The transaction fees are 3% which is well worth the convenience.

Once I’m settled in, I’ll open a bank account locally and I’ll transfer my income from the US over to this bank. That will get rid of the 3% transaction fees.

 

Remote Telemedicine

My remote income streams have been tested and they work out beautifully for me.

When I was in Barcelona, I would do some telemedicine work for about 1-2 hours a day. It wasn’t continuous work since some of the time was spent for patients coming online.

Spain is 9 hours ahead of Oregon time. This means that I can handle all the patients who would hop on online overnight which would decrease my competition from US-based physicians.

For security reasons I’ll be using a VPN router and NordVPN.

 

Avoiding Boredom

One of the main questions I’m asked is how I prevent boredom. I’ve tried answering this in a straightforward manner but have since realized that’s it’s complicated – it’s individual.

Some can pick up a paperback and read it for 6 hours straight. Others couldn’t fathom consuming a book any other way but by audio.

My Daily Routine

In the US my routine is to get up in the morning whenever I can’t be in bed any longer. I make my cup of coffee using freshly ground dark-roast beans. I read a paperback or peruse my favorite blogs.

I tidy up, shower, and head out to a cafe or the library. There I write for 2 hours and come home to prepare lunch. On my way home, I’ll get the groceries for the day.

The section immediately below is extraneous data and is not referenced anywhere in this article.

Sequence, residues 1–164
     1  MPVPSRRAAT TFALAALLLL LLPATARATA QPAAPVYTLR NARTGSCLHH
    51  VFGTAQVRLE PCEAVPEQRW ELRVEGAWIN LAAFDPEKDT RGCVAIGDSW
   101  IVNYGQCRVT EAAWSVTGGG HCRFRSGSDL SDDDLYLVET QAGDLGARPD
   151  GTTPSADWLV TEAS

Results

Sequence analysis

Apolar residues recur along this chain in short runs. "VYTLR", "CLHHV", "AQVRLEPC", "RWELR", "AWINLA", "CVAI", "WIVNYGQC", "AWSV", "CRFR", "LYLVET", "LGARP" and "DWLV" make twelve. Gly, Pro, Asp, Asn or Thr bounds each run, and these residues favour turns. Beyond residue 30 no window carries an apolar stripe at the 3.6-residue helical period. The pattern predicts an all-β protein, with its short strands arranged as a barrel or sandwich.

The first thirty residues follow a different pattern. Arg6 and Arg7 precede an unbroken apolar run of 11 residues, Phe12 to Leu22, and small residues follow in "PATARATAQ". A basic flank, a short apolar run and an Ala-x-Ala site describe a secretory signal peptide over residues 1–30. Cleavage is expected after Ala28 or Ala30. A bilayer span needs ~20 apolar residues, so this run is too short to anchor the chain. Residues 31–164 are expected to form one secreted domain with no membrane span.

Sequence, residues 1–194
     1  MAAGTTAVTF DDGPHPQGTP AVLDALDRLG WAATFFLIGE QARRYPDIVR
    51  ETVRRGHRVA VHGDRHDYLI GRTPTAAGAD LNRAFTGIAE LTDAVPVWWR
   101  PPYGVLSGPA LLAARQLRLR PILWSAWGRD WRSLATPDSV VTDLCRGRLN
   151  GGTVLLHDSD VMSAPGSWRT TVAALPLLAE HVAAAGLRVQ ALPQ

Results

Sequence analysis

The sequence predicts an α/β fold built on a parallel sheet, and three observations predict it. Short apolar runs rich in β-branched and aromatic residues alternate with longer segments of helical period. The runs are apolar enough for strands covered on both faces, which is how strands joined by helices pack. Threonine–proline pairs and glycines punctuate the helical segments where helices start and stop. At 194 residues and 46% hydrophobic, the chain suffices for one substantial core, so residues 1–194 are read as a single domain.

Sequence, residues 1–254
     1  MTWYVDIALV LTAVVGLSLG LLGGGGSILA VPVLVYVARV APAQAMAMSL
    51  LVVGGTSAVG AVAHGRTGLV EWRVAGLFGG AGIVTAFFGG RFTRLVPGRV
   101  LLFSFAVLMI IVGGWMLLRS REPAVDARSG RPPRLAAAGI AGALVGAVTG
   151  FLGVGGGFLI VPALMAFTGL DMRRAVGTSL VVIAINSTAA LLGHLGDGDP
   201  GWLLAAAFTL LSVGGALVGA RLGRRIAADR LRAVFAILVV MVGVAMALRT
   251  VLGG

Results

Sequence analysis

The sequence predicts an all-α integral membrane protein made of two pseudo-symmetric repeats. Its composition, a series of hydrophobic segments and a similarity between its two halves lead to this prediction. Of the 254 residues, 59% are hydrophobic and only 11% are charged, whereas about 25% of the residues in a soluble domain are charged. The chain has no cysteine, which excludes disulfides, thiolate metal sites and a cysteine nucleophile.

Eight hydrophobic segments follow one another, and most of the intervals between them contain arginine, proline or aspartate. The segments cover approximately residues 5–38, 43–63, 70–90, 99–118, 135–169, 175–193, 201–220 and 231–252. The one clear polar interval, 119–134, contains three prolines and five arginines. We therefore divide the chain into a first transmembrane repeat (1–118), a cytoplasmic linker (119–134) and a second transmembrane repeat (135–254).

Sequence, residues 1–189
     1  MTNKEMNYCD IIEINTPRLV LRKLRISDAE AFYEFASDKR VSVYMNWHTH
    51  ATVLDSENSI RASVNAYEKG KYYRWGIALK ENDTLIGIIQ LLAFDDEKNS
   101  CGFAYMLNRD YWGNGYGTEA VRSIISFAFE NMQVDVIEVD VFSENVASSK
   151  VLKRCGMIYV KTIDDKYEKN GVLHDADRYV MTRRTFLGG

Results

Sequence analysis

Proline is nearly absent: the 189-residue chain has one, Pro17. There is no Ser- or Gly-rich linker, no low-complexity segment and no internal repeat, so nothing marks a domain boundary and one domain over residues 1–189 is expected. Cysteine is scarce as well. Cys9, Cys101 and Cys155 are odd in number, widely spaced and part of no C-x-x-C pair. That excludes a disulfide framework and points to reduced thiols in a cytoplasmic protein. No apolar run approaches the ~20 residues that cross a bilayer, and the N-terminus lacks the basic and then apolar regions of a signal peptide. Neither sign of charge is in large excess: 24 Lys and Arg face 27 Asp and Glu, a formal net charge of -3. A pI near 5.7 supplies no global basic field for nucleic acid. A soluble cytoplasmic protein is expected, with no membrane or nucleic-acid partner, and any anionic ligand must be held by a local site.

I rest, listen to a few podcast episodes at home and by around 3pm I head to my rock climbing gym. I spend 2-3 hours there and then head home and make dinner and shower.

I usually do some telemedicine work and write some more. By then it’s 8 or 9 pm and I either listen to some music while doing some stretches or I go back to a late-night cafe for more writing/reading.

I copied this same routine in Spain. If there was boredom, it came in fleeting waves. I have an ongoing list of things I want to do or could do – I just never seem to find time to do them.

So while some people don’t know how to prevent boredom, I sometimes wish I could have a 36-hour day.

 

Budgeting in Spain

Last time I was in Spain I wasn’t too strict with my budgeting. A few months after I returned to the US – so, for about the past 6 months, I’ve been really good about using my YNAB budgeting software and sticking to my assigned budget.

I can see how a physician household with $500k/year of income may not see the need for budgeting. But, to me, one of the best things about such a high income is the options it affords you – specifically, the option to purchase my freedom.